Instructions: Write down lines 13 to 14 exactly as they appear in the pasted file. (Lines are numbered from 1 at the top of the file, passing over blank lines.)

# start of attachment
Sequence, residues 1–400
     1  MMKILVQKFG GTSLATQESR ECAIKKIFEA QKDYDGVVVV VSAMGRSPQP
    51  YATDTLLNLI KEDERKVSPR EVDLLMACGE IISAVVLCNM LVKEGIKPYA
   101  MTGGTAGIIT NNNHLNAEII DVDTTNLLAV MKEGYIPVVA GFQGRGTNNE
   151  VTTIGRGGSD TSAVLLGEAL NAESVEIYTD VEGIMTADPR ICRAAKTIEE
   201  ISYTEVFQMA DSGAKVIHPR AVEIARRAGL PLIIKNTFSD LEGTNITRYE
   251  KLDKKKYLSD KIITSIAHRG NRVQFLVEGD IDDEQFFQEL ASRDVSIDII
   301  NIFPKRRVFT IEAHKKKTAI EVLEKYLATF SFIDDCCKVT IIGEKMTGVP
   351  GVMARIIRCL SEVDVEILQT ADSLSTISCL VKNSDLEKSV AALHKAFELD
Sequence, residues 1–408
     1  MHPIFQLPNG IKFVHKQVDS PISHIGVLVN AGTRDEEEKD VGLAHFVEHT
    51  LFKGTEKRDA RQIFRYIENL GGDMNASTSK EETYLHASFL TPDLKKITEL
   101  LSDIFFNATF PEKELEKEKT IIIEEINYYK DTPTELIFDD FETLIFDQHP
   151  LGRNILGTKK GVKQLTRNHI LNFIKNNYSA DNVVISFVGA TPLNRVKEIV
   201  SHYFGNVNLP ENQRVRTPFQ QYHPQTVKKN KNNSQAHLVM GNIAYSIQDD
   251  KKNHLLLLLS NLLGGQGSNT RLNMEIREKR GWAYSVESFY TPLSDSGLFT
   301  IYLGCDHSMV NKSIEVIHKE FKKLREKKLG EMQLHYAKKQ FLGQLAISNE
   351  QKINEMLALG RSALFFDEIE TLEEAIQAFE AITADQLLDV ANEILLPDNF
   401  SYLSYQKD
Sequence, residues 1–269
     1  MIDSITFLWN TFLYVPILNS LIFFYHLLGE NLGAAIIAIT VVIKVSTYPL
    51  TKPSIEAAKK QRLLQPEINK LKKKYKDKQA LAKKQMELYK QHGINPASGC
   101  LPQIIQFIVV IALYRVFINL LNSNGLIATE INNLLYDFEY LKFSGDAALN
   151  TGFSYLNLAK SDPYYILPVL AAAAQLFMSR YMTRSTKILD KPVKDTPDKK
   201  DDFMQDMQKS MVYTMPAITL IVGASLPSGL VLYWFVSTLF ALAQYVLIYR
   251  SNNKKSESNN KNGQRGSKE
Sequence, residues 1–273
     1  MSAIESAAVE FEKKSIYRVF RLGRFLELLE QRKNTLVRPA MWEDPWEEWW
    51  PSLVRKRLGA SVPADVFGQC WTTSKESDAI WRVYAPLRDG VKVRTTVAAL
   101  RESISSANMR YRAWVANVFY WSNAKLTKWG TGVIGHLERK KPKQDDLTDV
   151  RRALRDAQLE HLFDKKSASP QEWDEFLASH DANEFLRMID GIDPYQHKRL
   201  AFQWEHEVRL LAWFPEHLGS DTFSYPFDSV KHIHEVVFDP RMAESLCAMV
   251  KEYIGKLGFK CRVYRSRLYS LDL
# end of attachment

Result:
   101  LSDIFFNATF PEKELEKEKT IIIEEINYYK DTPTELIFDD FETLIFDQHP
   151  LGRNILGTKK GVKQLTRNHI LNFIKNNYSA DNVVISFVGA TPLNRVKEIV